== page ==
KBRA Analytics Releases The Bank Treasury Newsletter, the Bank Treasury Chart Deck, and Bank Talk
KBRA Analytics releases this month's edition of The Bank Treasury Newsletter, the Bank Treasury Chart Deck, and Bank Talk.
This month's newsletter, Bank Treasurers Have Questions for Ben A.I., presents a conflicting picture of the state of bank deposits and how the developing interest rate cycle will impact this critical source of balance sheet funding. For example, H.8 data show that deposits continued to drain out of the banking system in Q4 2022, but at a slower pace than in Q3 2022, as the Federal Reserve continued to hike rates. Further, management reported this month that deposit repricing beta is still increasing, but also at a slower pace compared to the previous quarter. The newsletter also reviews anecdotal evidence that suggests community banks are becoming more aggressive at pricing deposits, while data from the Fed's Discount Window points to potential liquidity stresses in that group.
Notably, despite the Fed's ample reserve policy, market conditions may be tighter than implied by the fed funds rate thanks to forward guidance and quantitative tightening, based on a review of a San Francisco Fed study. The report also discusses the implications for net interest margins (NIM) that most of the deposit outflows are coming from demand deposit accounts (DDA). DDAs were not as profitable for banks back when the Fed was keeping rates at the zero lower bound, but today, with the effective fed funds rate at 4.3% and expected to go higher, the remixing of deposit balances from noninterest- to interest-bearing deposits is adding downward pressure on NIMs. Bank management credits strong interest-earning asset growth for offsetting those pressures and driving net interest income (NII) growth in Q4 2022.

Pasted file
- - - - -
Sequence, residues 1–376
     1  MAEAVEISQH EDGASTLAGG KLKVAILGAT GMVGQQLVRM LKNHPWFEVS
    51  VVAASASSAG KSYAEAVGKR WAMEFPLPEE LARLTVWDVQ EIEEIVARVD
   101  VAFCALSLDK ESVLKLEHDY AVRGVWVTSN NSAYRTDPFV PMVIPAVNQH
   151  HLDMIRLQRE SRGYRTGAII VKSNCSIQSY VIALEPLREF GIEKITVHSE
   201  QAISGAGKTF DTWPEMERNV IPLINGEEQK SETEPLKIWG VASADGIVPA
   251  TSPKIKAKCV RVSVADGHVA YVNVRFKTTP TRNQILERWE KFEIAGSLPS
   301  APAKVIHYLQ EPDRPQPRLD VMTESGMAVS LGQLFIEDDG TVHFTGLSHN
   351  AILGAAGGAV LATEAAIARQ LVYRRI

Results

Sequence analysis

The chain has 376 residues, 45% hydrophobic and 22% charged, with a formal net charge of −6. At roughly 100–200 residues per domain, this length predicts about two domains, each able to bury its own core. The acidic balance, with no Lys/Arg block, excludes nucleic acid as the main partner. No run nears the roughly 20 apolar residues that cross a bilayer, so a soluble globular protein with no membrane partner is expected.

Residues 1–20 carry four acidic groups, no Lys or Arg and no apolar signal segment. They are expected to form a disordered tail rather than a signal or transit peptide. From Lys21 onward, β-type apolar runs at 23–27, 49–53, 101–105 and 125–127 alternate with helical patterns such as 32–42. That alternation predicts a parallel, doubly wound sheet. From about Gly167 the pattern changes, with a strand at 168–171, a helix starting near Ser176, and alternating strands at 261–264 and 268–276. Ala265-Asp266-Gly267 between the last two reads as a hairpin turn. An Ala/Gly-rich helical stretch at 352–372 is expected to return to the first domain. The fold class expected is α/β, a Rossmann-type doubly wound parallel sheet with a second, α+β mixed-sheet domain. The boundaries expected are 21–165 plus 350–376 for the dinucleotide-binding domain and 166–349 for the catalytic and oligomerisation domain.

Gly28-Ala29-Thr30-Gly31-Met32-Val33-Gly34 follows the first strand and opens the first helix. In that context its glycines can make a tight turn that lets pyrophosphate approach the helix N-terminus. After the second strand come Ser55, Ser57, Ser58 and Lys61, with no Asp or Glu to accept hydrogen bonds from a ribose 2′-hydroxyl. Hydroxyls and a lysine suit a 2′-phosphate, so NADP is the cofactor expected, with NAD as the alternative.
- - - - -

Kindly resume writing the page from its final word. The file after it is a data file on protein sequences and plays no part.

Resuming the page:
Current expected credit loss (CECL) is the focus of this month's Bank Treasury Newsletter Chart Deck, which examines why the banking industry has yet to increase its reserve coverage-on a relative basis to total loans and leases and other credit exposure on the balance sheet-on the heels of a possible recession. Having adopted the new accounting standard with the objective of accruing creditloss earlier than was the standard during the global financial crisis, the chart deck highlights how economic indicators and financial metrics other than those that include the reserve, appear to support the current level of credit reserves. Indeed, the current level of credit coverage is a reflection of the quality of bank underwriting which is much improved since the crisis, and which produces loans that, when ultimately some of them default, result in lower losses.
This issue of Bank Talk compares the structure, sensitivity, and maturity profile of the Fed's System Open Market Account (SOMA) portfolio of Treasurys and MBS to the average bank portfolio. This month, Van asks Ethan to estimate the size of the mark-to-market hit to the Fed's SOMA portfolio, given the rate hikes last year and assuming the Fed adhered to generally accepted accounting principles (GAAP)-which it does not-and how that compares to the size of the hit for a bank's bond portfolio. Ethan demonstrates to Van why the Fed's balance sheet is fundamentally liability-sensitive, reviewing the Fed's income statement and showing him how the structure of the balance sheet (with other liabilities including currency in circulation) plays out in the remittance that the Fed pays to the Treasury. Finally, Ethan compares the book yield on the average bank bond portfolio to the yield on the SOMA portfolio and discusses with Van how the spread between the two portfolios has changed since the Fed began hiking interest rates last year.
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